Surgery should be restricted to cases with severe and disabling symptoms or progressive glaucomatotic optic neuropathy with visual field loss.61 Filtering surgery with antimetabolites might be used to control elevated IOP, although reports concerning efficacy are controversial.57

The risk of developing chronic glaucoma in some cases dictates funduscopic follow-up and visual field monitoring in all individuals. Glaucomatocyclitic crises are prone to recur at intervals of a few months to 1 or 2 years over 15 to 25 years. Eventually, episodes appear to stop; this condition is almost never seen after age 60. Repeated episodes usually occur in the same eye but rarely occur in one eye and then the other.

Fuchs’ Heterochromic Iridocyclitis

Fuchs’ heterochromic iridocyclitis (FHI) is a chronic low-grade anterior uveitis, associated with iris stromal atrophy, cataract formation, and glaucoma. It accounts for 2% to 3% of all cases of uveitis66 and continues to be underdiagnosed (Figure 43-3). Because of the diverse number of abnormalities that may be present, this may be one of the more difficult uveitides to diagnose. FHI occurs mainly in the third and fourth decades of life and affects men and women equally.66 FHI typically affects only one eye; however, in up to 15.6% of cases, it affects both eyes.67

Patients are usually asymptomatic. When symptomatic, the most common presenting symptoms are floaters68 and visual deterioration.67,69 The eye is typically white and quiet. The prominent signs reported are typical KP in all cases, cataract in nearly 80% of cases, and heterochromia in 70% to 80% of patients.6769 Characteristically, the KPs are fine and colorless; some are round, but the most typical are filamentary or star shaped, scattered over the posterior surface of the cornea (Figure 43-4). The KPs are best seen by retroillumination. There may be trace flare in the aqueous humor with an occasional white cell. A cataract in the affected eye is the rule, initially presenting as a posterior subcapsular cataract.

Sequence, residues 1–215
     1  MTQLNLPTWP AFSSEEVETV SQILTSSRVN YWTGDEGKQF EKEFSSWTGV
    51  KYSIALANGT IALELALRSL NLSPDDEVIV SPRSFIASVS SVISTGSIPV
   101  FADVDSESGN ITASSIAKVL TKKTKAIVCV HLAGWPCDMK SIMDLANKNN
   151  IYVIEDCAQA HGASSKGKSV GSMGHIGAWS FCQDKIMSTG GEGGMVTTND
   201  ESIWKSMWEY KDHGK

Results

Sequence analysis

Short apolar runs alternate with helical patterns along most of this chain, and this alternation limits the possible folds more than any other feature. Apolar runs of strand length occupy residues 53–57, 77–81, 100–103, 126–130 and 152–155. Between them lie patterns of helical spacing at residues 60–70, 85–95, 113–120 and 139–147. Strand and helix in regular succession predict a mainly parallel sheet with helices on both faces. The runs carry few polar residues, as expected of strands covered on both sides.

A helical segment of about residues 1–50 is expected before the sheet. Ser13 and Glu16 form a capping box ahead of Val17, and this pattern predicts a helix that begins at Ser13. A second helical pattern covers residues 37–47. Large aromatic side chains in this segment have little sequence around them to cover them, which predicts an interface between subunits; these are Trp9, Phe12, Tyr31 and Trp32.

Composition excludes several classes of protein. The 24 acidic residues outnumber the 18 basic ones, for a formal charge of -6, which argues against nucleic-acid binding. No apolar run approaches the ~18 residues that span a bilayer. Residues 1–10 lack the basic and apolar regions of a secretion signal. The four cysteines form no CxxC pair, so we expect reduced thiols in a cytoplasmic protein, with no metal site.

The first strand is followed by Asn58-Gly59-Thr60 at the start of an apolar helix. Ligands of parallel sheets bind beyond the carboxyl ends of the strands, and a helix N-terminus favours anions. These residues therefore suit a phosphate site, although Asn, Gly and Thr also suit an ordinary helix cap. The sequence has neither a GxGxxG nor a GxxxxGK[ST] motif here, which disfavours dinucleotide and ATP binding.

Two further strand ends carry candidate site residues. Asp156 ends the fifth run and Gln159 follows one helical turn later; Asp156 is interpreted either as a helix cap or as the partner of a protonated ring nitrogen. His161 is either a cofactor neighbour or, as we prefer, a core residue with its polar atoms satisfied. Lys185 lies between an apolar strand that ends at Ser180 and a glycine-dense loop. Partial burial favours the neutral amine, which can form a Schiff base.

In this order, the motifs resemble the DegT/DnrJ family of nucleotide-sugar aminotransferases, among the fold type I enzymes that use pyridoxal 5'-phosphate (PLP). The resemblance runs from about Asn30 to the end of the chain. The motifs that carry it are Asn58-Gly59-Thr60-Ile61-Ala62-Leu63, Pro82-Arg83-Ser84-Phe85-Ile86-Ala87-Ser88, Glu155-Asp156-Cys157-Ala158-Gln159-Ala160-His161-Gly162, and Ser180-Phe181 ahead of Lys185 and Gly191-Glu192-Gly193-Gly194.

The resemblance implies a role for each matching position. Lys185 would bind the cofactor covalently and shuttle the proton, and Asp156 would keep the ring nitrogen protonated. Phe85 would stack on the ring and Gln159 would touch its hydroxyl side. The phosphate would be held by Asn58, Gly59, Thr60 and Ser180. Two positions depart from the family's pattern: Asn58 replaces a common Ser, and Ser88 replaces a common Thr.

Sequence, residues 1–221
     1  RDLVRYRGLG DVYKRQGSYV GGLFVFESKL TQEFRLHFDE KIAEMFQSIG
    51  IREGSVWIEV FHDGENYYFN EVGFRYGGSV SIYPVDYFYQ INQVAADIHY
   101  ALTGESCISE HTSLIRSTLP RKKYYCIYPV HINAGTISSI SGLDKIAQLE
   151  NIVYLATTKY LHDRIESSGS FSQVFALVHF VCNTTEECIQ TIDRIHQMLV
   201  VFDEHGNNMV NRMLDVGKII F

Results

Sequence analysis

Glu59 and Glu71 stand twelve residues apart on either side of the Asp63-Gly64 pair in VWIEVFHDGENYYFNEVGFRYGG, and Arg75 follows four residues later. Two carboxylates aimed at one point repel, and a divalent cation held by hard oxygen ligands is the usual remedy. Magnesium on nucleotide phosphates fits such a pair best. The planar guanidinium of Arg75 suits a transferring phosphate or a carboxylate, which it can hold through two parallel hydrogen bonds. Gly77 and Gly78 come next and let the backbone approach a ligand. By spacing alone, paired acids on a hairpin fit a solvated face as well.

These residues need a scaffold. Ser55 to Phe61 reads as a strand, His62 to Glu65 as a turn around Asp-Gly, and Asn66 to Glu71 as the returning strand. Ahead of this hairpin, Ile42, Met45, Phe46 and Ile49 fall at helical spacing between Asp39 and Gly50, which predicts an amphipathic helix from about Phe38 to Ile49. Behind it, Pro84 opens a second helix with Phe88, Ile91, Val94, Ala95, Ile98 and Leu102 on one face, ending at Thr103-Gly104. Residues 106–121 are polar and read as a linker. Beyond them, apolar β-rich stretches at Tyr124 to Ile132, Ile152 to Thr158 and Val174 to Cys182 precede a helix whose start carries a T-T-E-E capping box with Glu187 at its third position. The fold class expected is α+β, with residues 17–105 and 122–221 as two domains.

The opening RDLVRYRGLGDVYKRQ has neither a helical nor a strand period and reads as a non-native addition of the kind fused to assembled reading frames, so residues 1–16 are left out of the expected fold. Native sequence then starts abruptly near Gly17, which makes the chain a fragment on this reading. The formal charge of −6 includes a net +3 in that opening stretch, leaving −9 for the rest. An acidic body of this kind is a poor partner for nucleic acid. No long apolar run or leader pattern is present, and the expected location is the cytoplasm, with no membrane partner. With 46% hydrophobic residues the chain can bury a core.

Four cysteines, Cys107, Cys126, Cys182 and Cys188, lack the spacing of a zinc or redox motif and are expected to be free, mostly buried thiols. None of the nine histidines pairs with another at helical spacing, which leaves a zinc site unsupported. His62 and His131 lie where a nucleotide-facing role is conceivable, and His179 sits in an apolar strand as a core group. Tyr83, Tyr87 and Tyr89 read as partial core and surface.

The iris is infiltrated with plasma cells with accompanying degeneration and atrophy.70 Clinically, atrophy of the iris affects the pupil collarette (transforming it to a hyaline border) and produces hypochromia of the iris stroma with abnormal transillumination of the posterior pigment layer.71 Fluorescein may leak from vessels at the pupil, but these are not new vessels. In 50% of patients, there is only discrete iris heterochromia,68 which may delay diagnosis. The iris heterochromia depends on the level of stromal atrophy, iris color, and pigment amount in the iris pigmented epithelium; it may not be recognized in darkly pigmented irides.66 Some patients develop iris nodules mainly on the pupillary margin and less frequently on the iris stroma.72 In some cases, congenital Horner’s syndrome has been reported.73 Vitreous opacities are frequent.74 Chorioretinal scars similar to those seen in toxoplasmosis have been described in FHI, but the association of these 2 diseases is unclear.75